Is it progress? Can you honestly answer 'no'? We moved from 'The programmer must double check all of their low level behavior' to not.


After this thought experiment, consider Rust. It's not a managed language, it compiles to native code, has very few run-time checks and wants above all to be performant. There is a runtime that sits between some parts of user-written code and the processor. Ben Blum has written an excellent series of posts about Rust and really if you do one thing after reading this post, you should read his posts.

The Rust memory model claims to remove the possibility of use after free bugs. This is possible in languages like C# and Java but at a steep cost of having a garbage collector behind the scenes and using a bytecode interpreter with JIT compilation. Rust claims to remove use after free through language design, reference counting and static checking. I say 'claims' because I'm not aware of a solid proof for this, but, no one (to my knowledge) has demonstrated a way to coerce UAF out of an arbitrary Rust program.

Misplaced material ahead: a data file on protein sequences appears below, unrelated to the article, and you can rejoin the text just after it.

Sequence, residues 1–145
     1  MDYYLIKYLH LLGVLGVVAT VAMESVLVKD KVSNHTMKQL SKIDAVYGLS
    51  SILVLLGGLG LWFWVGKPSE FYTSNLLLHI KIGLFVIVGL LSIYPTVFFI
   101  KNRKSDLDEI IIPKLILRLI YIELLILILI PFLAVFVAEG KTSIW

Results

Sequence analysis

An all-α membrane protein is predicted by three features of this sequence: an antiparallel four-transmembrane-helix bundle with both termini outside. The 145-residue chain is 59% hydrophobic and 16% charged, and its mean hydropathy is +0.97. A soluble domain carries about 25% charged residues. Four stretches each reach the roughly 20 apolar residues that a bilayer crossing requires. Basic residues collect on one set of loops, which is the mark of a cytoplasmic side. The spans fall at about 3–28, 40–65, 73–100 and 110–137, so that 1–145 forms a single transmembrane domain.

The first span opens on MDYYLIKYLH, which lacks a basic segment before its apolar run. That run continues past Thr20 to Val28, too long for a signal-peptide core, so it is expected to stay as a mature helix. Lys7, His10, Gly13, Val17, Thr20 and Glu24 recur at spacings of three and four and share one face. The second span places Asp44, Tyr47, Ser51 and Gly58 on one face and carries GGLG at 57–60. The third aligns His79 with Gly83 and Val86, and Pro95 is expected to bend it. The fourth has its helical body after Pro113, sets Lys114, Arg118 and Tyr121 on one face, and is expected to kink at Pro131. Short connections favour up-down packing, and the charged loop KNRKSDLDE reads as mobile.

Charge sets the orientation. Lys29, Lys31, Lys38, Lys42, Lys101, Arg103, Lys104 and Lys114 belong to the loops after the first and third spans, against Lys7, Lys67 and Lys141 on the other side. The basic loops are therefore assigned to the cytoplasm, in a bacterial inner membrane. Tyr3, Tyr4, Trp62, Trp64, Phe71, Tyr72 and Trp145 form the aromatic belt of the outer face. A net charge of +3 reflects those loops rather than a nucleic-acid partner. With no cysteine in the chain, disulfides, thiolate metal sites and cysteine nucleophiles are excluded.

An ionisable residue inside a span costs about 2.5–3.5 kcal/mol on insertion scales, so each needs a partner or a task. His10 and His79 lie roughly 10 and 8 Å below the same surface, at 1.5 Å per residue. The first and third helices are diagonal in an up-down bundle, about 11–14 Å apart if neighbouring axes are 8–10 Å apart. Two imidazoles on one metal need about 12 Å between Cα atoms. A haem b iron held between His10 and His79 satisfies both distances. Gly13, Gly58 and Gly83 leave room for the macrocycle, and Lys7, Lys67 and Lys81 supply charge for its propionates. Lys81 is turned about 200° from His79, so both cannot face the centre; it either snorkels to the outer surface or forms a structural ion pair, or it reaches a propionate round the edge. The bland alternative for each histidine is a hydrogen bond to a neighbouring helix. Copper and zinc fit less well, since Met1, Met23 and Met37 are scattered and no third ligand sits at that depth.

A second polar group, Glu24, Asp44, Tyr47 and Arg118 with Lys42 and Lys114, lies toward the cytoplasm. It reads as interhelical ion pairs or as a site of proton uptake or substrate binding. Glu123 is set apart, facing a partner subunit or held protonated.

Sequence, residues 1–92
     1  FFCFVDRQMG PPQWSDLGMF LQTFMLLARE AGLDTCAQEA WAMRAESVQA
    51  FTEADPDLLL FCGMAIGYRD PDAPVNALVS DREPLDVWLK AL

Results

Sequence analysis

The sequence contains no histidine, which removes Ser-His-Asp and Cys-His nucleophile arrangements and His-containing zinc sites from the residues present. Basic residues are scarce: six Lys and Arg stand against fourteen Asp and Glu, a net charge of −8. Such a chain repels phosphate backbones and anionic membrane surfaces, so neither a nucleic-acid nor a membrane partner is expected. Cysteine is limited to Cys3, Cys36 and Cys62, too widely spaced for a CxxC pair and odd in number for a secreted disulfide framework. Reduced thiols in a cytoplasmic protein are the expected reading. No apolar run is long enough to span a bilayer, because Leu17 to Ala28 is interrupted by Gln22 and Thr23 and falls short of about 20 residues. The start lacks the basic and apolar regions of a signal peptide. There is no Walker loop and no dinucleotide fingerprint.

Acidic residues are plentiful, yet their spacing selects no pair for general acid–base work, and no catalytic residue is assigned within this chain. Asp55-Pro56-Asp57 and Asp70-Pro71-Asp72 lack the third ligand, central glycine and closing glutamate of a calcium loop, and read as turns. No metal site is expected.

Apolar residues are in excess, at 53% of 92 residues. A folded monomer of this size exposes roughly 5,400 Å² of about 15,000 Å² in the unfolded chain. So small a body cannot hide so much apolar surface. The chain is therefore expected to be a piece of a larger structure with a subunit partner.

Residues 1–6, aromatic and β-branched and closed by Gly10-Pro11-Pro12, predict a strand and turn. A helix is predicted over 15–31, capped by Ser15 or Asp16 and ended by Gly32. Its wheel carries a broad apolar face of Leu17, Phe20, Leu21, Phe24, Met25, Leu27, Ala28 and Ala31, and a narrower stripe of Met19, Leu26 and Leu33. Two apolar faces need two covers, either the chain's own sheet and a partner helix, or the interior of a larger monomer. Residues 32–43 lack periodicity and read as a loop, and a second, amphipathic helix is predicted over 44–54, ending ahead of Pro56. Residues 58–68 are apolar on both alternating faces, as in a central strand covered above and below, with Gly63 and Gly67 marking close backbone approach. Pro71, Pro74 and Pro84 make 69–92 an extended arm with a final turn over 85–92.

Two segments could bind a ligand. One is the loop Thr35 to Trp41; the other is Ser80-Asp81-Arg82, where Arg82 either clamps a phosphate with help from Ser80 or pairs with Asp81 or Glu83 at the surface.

How does Rust accomplish this? It has three different pointer types. One of them is a 'unique' type, which is allocated from a special heap and the language disallows shallow copies. You can deep copy a unique pointer allocated object, of course. Then there are managed pointers and borrowed pointers. Managed pointers are reference counted by the language runtime, programmers do not need to add any acquire or release semantics into their code to note that they hold a reference to a managed pointer. Of course, we know that reference counting pointers add overhead, so the last pointer type is a borrowed pointer. A borrowed pointer points to a managed pointer, but is not reference counted.

This sounds like the way in, except, the Rust compiler includes a static analysis that checks for any borrowed pointer 'outliving' the managed object it points to. Rust won't let you compile your code if it finds a violation to this check.

"But Java Has Bugs Too"

Java, as a language, has many of these features as well (though enforced via a managed runtime). "Java has bugs too" is another thing that a lot of hackers like to say when faced with new programming language technology that has an impact on security. I hate this view as well. The bugs that people point out in Java are bugs in the sandbox/security policy system, or deserialization errors in the class loader and bytecode interpreter. Essentially, the problem is that if you can run an arbitrary Java program, you as an attacker can break out of a sandbox and run whatever you want.